Estimating High Risk Projects

The major difference between high-risk and low-risk projects depends on the validity of the historical estimate. Construction companies have well-defined historical standards, which therefore makes their risk lower, whereas many R&D and MIS projects are high risk. Typical accuracies for each level of the WBS are shown in Table 14-12.

One of the most common techniques used to estimate high-risk projects is the "rolling wave" or "moving window" approach. This is shown in Figure 14-13 for a high-risk R&D project. The project lasts for twelve months. The R&D effort to be accomplished for the first six months is well defined and can be estimated to level 5 of the WBS. However, the effort for the last six months is based on the results of the first six months and can be estimated at level 2 only, thus incurring a high risk. Now consider part B of Figure 14-13, which shows a six-month moving window. At the end of the first month, in order to maintain a six-month moving window (at level 5 of the WBS), the estimate for month seven must be improved from a level-2 to a level-5 estimate. Likewise, in parts C and D of Figure 14-13, we see the effects of completing the second and third months.

There are two key points to be considered in utilizing this technique. First, the length of the moving window can vary from project to project, and usually increases in length as you approach downstream life-cycle phases. Second, this technique works best when upper-level management understands how the tech-

TABLE 14-12. LOW- VERSUS HIGH-RISK ACCURACIES WBS Accuracy

Low-Risk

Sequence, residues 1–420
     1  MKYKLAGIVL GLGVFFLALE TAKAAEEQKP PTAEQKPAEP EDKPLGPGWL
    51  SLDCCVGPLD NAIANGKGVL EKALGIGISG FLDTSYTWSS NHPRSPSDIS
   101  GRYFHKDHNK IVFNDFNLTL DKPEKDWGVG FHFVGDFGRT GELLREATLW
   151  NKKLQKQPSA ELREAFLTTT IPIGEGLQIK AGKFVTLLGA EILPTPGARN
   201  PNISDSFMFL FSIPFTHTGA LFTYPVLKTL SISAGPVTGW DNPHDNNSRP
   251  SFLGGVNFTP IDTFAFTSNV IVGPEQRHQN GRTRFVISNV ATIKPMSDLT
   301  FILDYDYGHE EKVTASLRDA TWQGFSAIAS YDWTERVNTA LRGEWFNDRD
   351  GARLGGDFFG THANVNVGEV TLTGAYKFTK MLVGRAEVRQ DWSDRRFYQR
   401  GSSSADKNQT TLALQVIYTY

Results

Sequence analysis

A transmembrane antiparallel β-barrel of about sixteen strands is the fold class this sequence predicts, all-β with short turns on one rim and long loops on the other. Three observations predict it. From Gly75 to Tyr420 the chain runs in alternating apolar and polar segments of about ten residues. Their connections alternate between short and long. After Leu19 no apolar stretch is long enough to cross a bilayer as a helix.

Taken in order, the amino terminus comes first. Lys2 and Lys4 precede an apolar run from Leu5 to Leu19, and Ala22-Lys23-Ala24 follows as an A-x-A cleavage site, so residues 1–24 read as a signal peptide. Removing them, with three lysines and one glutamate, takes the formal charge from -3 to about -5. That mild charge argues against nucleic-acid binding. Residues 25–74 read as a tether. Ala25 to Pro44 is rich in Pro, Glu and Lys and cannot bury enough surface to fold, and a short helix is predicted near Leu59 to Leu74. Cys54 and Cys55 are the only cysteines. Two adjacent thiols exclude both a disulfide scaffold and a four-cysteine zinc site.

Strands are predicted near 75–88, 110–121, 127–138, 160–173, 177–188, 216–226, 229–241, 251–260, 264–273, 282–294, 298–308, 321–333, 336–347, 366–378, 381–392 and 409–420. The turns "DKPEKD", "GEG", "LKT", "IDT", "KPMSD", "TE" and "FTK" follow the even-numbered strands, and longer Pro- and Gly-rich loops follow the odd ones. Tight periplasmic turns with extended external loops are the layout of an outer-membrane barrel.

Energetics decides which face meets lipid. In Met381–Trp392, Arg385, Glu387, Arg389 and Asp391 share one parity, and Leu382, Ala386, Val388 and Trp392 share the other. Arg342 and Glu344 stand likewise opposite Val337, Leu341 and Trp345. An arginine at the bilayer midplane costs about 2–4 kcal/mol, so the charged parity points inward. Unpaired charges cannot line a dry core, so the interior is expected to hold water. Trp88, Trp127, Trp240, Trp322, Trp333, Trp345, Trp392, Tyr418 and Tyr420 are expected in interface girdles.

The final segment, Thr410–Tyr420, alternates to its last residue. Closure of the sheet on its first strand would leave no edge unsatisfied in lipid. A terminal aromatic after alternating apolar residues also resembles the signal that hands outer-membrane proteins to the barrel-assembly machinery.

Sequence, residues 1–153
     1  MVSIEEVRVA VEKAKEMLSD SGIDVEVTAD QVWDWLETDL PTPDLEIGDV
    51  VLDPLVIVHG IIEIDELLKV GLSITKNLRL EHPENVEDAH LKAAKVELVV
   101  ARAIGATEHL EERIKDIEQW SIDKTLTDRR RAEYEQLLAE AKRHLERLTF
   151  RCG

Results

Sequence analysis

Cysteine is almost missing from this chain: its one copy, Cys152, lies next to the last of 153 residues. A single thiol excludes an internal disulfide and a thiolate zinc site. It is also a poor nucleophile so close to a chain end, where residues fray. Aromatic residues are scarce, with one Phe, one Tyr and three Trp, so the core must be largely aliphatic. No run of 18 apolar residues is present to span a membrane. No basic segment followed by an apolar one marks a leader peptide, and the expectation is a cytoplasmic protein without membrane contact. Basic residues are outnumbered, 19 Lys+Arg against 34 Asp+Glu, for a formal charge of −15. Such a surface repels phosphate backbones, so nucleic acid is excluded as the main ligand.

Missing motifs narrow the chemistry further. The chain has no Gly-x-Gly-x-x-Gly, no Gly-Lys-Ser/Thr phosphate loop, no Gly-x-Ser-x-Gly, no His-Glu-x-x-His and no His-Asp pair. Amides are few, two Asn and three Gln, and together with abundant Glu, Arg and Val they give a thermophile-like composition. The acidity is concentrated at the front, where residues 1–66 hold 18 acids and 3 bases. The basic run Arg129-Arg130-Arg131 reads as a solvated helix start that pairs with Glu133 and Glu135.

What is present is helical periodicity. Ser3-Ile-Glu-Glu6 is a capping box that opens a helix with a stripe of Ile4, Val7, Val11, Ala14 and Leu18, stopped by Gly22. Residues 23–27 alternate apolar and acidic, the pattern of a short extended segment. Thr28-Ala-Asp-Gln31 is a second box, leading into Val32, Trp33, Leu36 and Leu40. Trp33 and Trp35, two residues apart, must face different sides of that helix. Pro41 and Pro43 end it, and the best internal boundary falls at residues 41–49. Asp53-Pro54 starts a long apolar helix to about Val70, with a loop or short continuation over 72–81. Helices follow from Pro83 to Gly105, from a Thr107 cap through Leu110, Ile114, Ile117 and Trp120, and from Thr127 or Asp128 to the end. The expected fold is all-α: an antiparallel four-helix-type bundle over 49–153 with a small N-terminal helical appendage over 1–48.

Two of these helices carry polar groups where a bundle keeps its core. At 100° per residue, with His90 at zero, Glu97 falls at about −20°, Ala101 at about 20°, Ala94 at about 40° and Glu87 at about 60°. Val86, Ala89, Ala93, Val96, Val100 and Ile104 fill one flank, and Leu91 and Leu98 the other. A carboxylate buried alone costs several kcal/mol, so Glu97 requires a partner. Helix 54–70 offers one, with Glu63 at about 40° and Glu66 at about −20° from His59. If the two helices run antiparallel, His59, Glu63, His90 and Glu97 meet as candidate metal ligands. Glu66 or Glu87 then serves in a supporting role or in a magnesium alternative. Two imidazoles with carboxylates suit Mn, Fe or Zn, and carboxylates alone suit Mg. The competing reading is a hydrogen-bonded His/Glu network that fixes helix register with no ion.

High-Risk

Level

Description

Projects

Projects

1

Program

±35

±75-100

2

Project

20

50-60

3

Task

10

20-30

4

Subtask

5

10-15

5

Work package

2

5-10

Figure 14-13. The moving window/rolling wave concept.

nique works. All too often senior management hears only one budget and schedule number during project approval and might not realize that at least half of the project might be time/cost accurate to only 50-60 percent. Simply stated, when using this technique, the word "rough" is not synonymous with the word "detailed."

Methodologies can be developed for assessing risk. Figures 14-14, 14-15, and Table 14-13 show such methodologies.

Project Management Made Easy

Project Management Made Easy

What you need to know about… Project Management Made Easy! Project management consists of more than just a large building project and can encompass small projects as well. No matter what the size of your project, you need to have some sort of project management. How you manage your project has everything to do with its outcome.

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